0301-2115/01/$ ± see front matter # 2001 Elsevier Science Ireland Ltd. All rights reserved.

Book reviews

Part II covers medical practice and society: alternative regulatory perspectives of obstetrics and gynaecology (Le Bris and Luther, Belgium and UK), Eugenics (Missa, Belgium) and economics and justice (Milliez, France). Le Bris and Luther discuss the interplay of ethics, deontology (selfregulation) and law (state model). The birth of Louise Brown some 20 years ago gave also birth to an explosion of ethical debate. Now, more of medicine are regulated by law-abortion, organ transplantation, medical research, new reproductive technologies, genetics, euthanasia). Missa sets the tone with radical eugenics between the two world wars and the practice of the Nazis. State eugenics and eugenics as an individual choice have to be distinguished. Milliez remarks that the relationship between the economy and medical decisions in the ®eld of human reproduction are closely linked to political matters. In Part III, international aspects of ethical problems in obstetrics and gynaecology are discussed by Potts and Shouse (USA) and endocrine disruption cloning, ICSI, and pollution by Vandelac and Bacon (Canada). A general conclusion by the editors describes the role and responsibility for the practising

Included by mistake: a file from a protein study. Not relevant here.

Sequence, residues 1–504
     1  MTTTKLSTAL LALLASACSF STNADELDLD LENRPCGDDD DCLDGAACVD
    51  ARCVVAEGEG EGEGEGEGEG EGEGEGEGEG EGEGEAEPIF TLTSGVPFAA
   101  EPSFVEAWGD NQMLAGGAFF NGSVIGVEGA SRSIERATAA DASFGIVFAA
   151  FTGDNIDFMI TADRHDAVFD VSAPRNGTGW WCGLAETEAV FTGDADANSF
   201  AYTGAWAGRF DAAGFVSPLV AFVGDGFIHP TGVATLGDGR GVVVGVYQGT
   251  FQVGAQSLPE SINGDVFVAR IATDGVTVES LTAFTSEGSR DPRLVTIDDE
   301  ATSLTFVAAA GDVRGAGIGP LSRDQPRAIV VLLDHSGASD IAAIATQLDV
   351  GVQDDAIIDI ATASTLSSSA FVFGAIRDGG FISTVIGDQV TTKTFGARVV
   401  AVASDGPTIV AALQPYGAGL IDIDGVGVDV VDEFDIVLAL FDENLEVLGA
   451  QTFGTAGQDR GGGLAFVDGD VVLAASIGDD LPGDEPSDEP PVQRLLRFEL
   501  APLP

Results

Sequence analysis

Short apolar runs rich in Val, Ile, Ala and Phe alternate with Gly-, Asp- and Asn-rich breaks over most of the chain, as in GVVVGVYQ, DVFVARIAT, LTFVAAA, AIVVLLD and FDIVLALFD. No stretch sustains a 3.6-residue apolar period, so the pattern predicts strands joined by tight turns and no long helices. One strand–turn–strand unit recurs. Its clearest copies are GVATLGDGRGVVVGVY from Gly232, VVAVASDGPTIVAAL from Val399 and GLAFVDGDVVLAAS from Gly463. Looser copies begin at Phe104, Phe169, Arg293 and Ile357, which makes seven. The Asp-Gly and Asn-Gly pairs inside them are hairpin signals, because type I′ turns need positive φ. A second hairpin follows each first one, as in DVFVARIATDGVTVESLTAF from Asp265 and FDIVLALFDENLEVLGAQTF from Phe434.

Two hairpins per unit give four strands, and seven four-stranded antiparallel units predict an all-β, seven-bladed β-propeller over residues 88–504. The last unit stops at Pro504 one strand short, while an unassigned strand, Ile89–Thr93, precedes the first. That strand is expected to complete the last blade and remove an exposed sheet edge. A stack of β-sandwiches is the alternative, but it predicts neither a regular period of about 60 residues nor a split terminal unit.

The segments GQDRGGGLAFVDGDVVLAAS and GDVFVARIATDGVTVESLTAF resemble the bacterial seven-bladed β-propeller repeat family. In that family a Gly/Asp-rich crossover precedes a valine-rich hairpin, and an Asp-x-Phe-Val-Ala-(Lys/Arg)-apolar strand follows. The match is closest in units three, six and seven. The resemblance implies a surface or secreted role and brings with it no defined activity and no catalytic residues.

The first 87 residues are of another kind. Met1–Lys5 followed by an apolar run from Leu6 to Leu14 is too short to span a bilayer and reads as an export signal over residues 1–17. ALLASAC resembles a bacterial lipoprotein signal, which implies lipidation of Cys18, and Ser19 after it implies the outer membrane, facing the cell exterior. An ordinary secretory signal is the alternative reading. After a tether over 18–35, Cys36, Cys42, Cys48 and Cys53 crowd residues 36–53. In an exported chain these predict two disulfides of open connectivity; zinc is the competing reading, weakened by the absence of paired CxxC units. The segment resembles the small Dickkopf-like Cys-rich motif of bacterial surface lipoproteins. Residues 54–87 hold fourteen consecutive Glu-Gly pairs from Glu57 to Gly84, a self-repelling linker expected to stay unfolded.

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obstetrician gynaecologist. They stress the fundamental role of the medical profession acting between the patient, bureaucracy and the community at large. Medicine the ®rst profession to establish self-regulatory rules in the form of ``the Hippocratic oath''. We hope this will not be forgotten by those who want to change everything. This booklet contributes towards the needs of modern society and is recommended to all who have to guide dif®cult decisions in human reproduction. Tom K.A.B. Eskes Department of Obstetrics and Gynaecology University Hospital Nijmegen, P.O. Box 9101, 6500 Nijmegen, The Netherlands Tel.: ‡31-243614725; fax: ‡31-243541194. E-mail address: [email protected] Accepted 16 February 2001 PII: S 0 3 0 1 - 2 1 1 5 ( 0 1 ) 0 0 3 2 3 - 2